“It might completely fall apart, and that was one of the biggest fears at the end of the day, is that you ended up having a changeover in municipal government. And there are now individuals that don't have an interest in health, that don't have an interest in the social enterprise of the community, that don't have an interest in pursuing this further. And so, it's better to change it now while we can grow into it over the next three years, than run into a problem 3-4 years from now.” 

While some details still need to be ironed out, Dueck is confident that this is the best way to go.  

Dueck notes that the public will not notice any difference in the way Open Health Clinic will be run in the day-to-day operations.  

“This clinic is owned by the taxpayer of Niverville and the goal behind that at the end of the day is that people realize that and acknowledge that they themselves are empowered to grow that facility into something better, for their own community and do something to make a change within their community.” 


The following is the resolution as read by CAO for the town of Niverville, Eric King, during Town Council meeting on July 18, 2023.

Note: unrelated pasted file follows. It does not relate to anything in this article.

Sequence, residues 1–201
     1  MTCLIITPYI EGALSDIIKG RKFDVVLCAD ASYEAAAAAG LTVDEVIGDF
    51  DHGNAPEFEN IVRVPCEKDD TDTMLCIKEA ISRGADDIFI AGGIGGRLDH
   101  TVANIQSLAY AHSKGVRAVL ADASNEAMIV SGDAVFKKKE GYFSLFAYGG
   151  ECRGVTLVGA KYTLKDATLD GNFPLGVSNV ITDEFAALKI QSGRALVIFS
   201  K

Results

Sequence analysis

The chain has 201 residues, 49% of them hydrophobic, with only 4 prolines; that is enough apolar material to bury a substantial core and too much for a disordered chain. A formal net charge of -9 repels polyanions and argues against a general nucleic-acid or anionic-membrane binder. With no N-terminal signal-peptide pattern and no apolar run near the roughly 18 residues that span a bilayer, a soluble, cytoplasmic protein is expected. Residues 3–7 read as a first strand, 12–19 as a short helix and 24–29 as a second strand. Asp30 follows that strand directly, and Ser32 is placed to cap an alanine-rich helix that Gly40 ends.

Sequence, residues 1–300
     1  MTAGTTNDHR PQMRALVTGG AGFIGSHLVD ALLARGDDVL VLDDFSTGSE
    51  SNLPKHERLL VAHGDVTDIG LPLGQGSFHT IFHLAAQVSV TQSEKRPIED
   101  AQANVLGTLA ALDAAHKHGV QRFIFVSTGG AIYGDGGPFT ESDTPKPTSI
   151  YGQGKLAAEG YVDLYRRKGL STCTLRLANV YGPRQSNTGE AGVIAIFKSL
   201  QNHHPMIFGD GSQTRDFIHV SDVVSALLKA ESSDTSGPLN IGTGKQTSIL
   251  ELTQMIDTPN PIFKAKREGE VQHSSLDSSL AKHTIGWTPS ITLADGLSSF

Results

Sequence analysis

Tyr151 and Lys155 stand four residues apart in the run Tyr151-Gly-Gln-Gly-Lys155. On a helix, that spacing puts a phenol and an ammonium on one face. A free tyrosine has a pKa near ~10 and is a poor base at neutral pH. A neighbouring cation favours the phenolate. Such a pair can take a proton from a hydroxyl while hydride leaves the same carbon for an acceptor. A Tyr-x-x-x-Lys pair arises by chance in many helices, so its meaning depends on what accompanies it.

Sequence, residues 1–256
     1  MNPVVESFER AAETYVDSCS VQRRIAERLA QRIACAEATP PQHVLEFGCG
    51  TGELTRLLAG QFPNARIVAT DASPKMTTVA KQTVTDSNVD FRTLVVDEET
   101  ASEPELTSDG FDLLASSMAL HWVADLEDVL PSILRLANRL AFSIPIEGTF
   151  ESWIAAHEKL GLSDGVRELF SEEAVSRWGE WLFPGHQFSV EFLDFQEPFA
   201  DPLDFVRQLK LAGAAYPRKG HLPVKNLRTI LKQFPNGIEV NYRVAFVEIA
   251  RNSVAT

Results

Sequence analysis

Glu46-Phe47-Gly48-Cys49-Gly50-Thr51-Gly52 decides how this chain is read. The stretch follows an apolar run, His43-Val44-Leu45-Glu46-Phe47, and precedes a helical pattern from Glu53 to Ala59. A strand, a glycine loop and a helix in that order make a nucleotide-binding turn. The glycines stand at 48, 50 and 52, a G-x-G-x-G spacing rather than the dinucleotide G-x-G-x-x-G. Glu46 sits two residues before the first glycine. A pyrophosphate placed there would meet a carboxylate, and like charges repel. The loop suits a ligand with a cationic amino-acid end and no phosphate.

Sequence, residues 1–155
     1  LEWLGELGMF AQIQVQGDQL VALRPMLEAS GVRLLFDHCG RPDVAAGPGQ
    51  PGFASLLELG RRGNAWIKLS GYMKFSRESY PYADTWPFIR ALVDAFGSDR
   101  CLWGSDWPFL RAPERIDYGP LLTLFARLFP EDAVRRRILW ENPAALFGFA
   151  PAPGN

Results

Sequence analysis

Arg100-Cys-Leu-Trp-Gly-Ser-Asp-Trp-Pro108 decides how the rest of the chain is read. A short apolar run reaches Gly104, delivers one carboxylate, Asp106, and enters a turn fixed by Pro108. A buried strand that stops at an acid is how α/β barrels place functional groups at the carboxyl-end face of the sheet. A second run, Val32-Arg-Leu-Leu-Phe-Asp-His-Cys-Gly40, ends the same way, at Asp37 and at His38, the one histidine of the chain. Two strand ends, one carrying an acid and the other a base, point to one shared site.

“So whereas, a review of Niverville Healthcare Services Inc has been undertaken by Kathy McPhail to review the mission, vision and values of the corporation and Open Health, and whereas, the Council has accepted this and makes recommendation to a change in government, the structure to provide greater clarity and input from the physicians and the public to the NHCSI board; therefore, be it resolved that the NHCSI board membership be restructured to include all current members of Council plus ex officio members being the CEO for the town of Niverville and the business manager for Open Health Niverville, and be it further resolved that the town establishes two groups to advise any NHCSI board members on better or primary healthcare wellness. 1. A medical council proposed of physicians, the Open Health business manager and no more than one staff member Open Health and, 2. A community advisory board, comprised of the chairperson and no more than nine members representing specific interest groups as recognized by the NHCSI board supported by the Open Health business manager and required to meet before November 15th of 2023. And be it further resolved that members of the Advisory Board must be officially appointed by resolution of Council, with the terms of office to be defined for participating members.”